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  3. Context: Within higher education, reports show that approximately 6% of Australian college students and 13% of U.S. college students have identified as having a disability to their institution of higher education. Findings from research in K-12 education report that students with disabilities often leave secondary school with lower college aspirations and are discouraged from taking engineering-related courses. Those who do enrol are often not supported effectively and must navigate physical, cultural, and bureaucratic university systems in order to access resources necessary for success in school and work. This lack of support is problematic as cognitive, developmental, mental health, and physical disabilities can markedly shape the ways in which students perceive and experience school, form professional identities, and move into the engineering workforce. However, little work has explored professional identity development within this population, specifically within a single engineering discipline such as civil engineering. Purpose: To move beyond tolerance and actively embrace students with diverse perspectives in engineering higher education, the purpose of this study is to understand the ways in which undergraduate students who experience disability form professional identities as civil engineers. Approach: Drawing on the sensitizing concepts of identity saliency, intersectionality, and social identity theory, we utilize Constructivist Grounded Theory (GT) to explore the influences of and interactions among students' disability and professional identities within civil engineering. Semi-structured interviews, each lasting approximately 90 minutes, were conducted with undergraduate civil engineering students who identified as having a disability. Here, we present our findings from the initial and focused coding phases of our GT analysis. Results: Our analyses revealed two themes warranting further exploration: 1) varying levels of disability identity saliency in relation to the development of a professional identity; and 2) conflicting colloquial and individual conceptualizations of disability. Overall, it has been observed that students' experiences with and perceptions of these themes tend to vary based on characteristics of an experienced disability. Conclusions: Students with disabilities experience college - and form professional identities - in a variety of ways. While further research is required to delineate how disability shapes college students' professional identities and vice versa, gaining an understanding of student experiences can yield insights to help us create educational spaces that better allow students with disabilities to flourish in engineering and make engineering education more inclusive.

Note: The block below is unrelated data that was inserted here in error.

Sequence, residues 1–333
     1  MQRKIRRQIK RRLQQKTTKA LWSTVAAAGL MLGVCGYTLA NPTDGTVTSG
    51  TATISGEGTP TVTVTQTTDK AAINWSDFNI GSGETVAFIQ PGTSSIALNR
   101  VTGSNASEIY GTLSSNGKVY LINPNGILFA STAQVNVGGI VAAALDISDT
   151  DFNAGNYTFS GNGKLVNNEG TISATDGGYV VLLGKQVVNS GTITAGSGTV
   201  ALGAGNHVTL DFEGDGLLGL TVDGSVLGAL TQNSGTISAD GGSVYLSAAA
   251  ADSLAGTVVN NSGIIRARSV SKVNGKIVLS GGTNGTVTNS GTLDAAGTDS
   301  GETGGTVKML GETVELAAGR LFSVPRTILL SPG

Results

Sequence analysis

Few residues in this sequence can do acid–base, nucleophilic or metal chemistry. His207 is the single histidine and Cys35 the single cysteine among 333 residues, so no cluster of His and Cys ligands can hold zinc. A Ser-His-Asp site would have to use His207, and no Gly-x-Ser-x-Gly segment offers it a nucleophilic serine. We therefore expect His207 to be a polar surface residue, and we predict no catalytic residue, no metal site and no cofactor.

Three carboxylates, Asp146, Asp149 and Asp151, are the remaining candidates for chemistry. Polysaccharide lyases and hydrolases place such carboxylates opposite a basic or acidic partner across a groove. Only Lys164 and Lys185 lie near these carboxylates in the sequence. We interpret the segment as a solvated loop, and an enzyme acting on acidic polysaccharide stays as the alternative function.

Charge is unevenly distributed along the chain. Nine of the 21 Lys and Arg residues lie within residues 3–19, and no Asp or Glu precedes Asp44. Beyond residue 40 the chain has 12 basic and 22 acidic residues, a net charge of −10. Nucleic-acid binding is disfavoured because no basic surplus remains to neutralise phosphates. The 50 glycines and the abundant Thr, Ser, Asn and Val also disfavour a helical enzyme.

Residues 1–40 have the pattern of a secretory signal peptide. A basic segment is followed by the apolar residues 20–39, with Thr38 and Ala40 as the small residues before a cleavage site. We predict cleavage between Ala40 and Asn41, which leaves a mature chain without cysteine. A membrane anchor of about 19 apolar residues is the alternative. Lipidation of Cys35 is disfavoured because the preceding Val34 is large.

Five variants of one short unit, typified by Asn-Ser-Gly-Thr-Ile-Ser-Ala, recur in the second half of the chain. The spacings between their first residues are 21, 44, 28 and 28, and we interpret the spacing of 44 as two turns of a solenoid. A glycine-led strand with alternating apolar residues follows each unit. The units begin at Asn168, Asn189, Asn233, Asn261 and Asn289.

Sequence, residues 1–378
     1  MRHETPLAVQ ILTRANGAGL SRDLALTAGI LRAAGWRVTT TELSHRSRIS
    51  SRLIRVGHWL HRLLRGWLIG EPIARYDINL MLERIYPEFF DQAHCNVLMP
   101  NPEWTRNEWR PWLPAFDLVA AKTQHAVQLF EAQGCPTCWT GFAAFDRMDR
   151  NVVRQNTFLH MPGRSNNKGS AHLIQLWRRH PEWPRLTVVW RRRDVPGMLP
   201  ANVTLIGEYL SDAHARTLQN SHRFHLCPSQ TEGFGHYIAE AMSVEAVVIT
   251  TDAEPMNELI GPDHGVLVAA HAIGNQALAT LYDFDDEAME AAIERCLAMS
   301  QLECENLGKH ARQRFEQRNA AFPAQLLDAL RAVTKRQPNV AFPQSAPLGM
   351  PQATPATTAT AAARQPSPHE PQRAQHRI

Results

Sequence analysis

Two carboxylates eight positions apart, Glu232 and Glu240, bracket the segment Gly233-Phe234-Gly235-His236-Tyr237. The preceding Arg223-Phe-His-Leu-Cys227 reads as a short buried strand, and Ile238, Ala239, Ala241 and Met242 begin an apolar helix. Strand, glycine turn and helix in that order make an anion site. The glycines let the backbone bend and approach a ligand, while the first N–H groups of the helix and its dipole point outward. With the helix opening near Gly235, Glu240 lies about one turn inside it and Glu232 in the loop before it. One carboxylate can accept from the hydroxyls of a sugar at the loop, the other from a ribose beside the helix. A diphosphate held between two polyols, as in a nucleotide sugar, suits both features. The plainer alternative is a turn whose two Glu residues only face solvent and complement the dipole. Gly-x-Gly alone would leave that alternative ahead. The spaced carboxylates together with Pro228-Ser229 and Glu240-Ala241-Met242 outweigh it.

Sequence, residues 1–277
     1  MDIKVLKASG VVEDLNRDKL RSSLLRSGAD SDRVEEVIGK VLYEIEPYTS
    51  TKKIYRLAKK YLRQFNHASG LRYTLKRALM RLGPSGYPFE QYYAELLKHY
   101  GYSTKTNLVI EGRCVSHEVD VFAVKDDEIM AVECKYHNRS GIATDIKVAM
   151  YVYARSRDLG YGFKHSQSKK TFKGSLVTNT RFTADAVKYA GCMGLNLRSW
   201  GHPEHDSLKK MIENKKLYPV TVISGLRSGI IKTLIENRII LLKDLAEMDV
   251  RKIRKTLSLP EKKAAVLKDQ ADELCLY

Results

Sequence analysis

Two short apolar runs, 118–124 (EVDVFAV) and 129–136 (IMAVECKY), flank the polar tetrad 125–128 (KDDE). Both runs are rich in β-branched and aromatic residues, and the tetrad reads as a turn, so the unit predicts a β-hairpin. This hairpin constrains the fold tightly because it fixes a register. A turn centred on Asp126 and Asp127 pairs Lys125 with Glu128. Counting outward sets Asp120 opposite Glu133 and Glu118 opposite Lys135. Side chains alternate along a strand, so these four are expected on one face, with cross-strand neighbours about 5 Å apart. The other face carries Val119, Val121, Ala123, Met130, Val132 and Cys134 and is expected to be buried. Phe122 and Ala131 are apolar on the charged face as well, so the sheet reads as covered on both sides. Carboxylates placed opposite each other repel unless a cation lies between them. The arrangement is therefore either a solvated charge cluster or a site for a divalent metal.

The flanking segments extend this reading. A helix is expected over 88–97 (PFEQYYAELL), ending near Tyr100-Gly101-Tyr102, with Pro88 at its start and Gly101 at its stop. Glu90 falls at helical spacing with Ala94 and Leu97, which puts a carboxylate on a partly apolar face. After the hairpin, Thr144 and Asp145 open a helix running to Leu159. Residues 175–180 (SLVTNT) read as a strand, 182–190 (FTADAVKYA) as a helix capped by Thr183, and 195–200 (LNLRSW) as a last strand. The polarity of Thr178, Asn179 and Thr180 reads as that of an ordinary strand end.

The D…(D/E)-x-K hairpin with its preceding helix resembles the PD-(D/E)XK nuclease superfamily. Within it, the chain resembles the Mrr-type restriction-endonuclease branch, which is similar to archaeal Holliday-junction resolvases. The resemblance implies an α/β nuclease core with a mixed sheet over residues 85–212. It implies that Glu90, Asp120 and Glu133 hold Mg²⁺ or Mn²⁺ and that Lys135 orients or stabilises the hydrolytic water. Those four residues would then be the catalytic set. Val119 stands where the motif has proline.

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  4. Abstract Background

    Although researchers have documented the outcomes of various out‐of‐class activities for undergraduate students, less attention has been given to student perspectives on activity category and activity levels, particularly when considering demographics such as gender and race/ethnicity.


    This study aims to create a more nuanced profile of engineering undergraduate engagement in out‐of‐class activities disaggregated by gender, race/ethnicity, and level of activity. As an exploratory study, its goal is to identify patterns that can be explored in the future.


    A purposive sample of 649 engineering students from three institutions provided complete survey responses that were quantitatively analyzed using frequency tables, diverging bar charts, and calculated odds ratios. This study included an intentional focus on gender and racial/ethnic differences.


    Job and Sports were most commonly identified as the top out‐of‐class activity for engineering students. Select pre‐professional activities and activities related to the humanities, arts, environment, and civic life were identified less frequently as top activities. Significant differences in choice of top activity and level of activity were found when comparing students by gender and race/ethnicity.


    A better understanding of engineering student engagement in out‐of‐class activities helps guide actions of program administrators and educators and the direction of future research exploring out‐of‐class engagement. Such opportunities can be shaped to improve engagement, particularly among underrepresented groups.